Fresh turmoil hit the banking sector as Deutsche Bank issued a profits warning and analysts suggested that HSBC could need a massive injection of fresh capital.
Deutsche Bank, Germany's biggest lender, said it would post a net loss of about €3.9bn (£3.5bn) for 2008, compared with net profit of €6.5bn a year earlier – its first annual loss for five decades. The bank suffered a record €4.8bn loss in the fourth quarter as the financial crisis battered its debt and equity trading operations.
The news alarmed the market about the prospects for other big banks as Deutsche had been relatively unscathed by the credit crunch. Josef Ackermann, the chief executive, said he was "very disappointed" by the loss, adding that the bank had "scaled back or exited trading strategies most affected by market turbulence".
The bank said its credit trading business and own-account dealing in bonds and shares suffered from "exceptional market conditions". It joins Goldman Sachs, Morgan Stanley and Credit Suisse in reporting fourth-quarter losses after September's bankruptcy of Lehman Brothers shattered confidence in financial markets.
Deutsche Bank shares fell 8 per cent, taking this year's fall to 21 per cent. The news hit shares in Royal Bank of Scotland, which fell nearly 15 per cent and was the worst performer in the FTSE 100, closely followed by Barclays. Both UK banks are heavily exposed to the debt markets that helped trigger the shock loss at Deutsche Bank. Confidence in Barclays was also hit by a second day of massive job losses. Barclays said it would slash 2,000 jobs in its retail and commercial banking operations, following Tuesday's announcement of 2,100 redundancies in its investment banking and wealth management businesses. The shares were also hit by speculation that a boardroom row over valuing toxic assets drove the resignation of the bank's deputy chairman, Nigel Rudd.
HSBC shares fell 8 per cent to a near 10-year low of 588.75p after Morgan Stanley analysts said Britain's biggest bank's profit would fall "sharply" this year and would not recover until 2011 at the earliest. They said the bank, which is the only UK lender not to raise fresh capital, could need up to $30bn (£20.6bn) to shore up its reserves against losses.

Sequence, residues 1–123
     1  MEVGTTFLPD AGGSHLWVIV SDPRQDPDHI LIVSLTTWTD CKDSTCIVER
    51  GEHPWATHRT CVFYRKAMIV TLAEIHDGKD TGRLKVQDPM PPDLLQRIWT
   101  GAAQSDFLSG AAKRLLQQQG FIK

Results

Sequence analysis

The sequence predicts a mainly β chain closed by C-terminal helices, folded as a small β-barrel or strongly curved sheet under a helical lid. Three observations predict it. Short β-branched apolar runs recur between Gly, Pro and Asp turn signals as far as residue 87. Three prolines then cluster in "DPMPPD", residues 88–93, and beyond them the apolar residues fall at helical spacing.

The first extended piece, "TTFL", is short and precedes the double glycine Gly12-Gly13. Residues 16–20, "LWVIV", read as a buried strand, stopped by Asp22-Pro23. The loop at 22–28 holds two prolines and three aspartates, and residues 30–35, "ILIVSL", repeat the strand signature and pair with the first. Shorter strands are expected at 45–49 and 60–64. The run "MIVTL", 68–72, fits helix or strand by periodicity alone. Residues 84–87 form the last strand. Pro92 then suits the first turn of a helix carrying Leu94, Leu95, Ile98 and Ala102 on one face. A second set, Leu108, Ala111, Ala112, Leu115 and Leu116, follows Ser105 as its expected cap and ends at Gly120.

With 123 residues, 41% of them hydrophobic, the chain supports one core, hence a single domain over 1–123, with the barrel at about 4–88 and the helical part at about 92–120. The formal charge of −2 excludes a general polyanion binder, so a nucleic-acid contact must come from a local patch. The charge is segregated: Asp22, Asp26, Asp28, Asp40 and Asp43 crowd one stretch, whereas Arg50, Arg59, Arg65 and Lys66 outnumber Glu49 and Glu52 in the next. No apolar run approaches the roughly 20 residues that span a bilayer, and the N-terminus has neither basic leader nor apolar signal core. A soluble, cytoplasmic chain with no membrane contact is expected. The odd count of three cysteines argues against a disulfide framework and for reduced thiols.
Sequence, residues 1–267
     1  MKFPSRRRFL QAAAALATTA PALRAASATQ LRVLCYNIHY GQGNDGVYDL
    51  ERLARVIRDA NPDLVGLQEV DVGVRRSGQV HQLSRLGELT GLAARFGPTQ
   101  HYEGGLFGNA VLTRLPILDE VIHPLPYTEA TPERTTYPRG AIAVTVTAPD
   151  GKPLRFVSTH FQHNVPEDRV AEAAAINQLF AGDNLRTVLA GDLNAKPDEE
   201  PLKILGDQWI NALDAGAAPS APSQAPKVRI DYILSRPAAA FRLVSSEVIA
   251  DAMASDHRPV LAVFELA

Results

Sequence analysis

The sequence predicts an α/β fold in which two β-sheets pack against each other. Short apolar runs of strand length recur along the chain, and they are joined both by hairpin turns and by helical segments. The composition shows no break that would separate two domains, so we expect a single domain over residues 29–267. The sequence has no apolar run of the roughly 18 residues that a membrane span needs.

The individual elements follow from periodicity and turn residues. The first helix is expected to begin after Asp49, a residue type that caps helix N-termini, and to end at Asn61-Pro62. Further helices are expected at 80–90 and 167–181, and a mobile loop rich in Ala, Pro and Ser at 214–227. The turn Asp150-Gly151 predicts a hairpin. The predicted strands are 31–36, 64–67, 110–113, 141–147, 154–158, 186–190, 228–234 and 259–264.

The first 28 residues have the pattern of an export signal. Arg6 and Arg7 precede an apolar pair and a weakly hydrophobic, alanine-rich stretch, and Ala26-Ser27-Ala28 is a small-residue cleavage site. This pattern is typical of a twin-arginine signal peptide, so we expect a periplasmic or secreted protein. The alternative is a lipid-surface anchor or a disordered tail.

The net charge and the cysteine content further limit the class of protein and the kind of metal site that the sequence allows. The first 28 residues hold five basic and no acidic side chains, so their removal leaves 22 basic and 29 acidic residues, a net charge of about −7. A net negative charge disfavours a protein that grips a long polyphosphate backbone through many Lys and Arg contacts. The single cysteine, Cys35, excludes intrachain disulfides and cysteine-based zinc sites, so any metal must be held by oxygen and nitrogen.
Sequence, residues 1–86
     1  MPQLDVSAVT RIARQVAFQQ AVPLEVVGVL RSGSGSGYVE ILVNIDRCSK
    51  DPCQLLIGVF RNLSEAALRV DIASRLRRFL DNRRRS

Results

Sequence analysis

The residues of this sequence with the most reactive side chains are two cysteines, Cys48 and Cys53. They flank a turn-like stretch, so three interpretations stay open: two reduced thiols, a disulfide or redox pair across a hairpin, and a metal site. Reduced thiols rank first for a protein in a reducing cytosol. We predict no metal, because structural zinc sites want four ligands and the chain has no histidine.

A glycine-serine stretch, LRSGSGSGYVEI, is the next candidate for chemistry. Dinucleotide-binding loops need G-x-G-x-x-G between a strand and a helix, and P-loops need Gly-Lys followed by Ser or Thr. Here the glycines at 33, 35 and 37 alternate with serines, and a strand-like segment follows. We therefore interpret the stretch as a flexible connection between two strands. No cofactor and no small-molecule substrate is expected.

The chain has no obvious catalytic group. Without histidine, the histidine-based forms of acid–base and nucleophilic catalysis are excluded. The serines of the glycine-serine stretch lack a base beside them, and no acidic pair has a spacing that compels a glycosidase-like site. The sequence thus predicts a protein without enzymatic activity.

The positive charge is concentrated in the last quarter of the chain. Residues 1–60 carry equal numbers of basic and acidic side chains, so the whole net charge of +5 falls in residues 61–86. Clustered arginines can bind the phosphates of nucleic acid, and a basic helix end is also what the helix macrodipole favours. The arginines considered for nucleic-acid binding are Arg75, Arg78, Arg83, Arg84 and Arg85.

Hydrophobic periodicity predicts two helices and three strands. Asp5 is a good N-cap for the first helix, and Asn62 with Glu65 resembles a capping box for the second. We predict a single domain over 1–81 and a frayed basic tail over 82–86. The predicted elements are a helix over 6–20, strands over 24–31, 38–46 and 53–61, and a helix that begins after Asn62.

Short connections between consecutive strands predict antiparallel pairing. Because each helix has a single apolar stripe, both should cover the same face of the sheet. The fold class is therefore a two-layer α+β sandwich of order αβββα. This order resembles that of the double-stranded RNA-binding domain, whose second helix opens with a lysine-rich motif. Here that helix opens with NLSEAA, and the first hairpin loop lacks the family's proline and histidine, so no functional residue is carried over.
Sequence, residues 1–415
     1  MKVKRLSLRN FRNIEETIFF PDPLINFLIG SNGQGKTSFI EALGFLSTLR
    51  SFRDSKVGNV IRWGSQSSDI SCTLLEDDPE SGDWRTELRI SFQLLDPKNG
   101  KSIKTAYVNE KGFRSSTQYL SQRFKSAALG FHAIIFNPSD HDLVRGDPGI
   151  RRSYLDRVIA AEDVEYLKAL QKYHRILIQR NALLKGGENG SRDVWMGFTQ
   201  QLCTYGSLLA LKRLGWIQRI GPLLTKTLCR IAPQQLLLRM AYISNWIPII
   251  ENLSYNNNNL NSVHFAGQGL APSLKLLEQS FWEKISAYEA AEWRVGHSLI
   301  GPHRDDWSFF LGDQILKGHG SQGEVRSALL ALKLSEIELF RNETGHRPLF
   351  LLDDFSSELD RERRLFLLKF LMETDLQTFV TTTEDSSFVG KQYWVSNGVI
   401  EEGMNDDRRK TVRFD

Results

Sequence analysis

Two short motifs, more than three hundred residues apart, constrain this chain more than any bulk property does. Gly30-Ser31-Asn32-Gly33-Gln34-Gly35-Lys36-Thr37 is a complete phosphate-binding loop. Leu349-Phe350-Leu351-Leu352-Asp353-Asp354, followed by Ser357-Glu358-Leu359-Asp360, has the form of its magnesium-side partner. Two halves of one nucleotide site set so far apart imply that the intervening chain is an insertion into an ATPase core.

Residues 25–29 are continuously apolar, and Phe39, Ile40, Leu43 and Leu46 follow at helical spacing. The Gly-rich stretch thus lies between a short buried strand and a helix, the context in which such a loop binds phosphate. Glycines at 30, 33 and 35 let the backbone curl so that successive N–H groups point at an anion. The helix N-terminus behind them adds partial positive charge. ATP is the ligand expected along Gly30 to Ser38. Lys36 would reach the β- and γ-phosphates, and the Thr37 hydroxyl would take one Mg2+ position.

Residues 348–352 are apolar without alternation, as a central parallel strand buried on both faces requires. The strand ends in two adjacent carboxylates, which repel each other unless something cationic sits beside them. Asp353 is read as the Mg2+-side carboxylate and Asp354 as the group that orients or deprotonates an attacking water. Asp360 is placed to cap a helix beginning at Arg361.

"Recent recapitalisations by UK and European banks mean the capital premium afforded to HSBC is being diluted. In addition, accounting and capital measurement issues mean that, in our view, HSBC's 7.3 per cent core capital is overstated relative to peers," the analysts said.
HSBC was the first bank to warn of rising defaults on sub-prime loans in the US and has written off billions of dollars of those assets. But it was the best-performing UK bank stock last year because of its limited exposure to toxic credit investments, its strong balance sheet and liquidity. Concerns about its capital position have grown as the economy has worsened and others have boosted their buffers. HSBC declined to comment but UBS analysts came to the bank's defence, criticising Morgan Stanley's arguments and predicting about $10bn of capital raising by HSBC from existing shareholders.
Britain's banks were also hit by disappointment over the Government's plans to shore up lending to businesses by providing £20bn of loan guarantees. Traders said the market wanted the Government to come up with a "bad bank" plan that would allow lenders to park their toxic assets and clean up their balance sheets.
Adding to jitters was tonight's end to the ban on short-selling financial stocks. The Financial Services Authority insisted it would press ahead, saying: "The FSA will allow the ban on short selling stocks in UK financial sector companies to lapse on Friday. These changes will take effect at 00:00:01 on 16 January 2009, permitting short selling of these stocks on Friday."Reuse content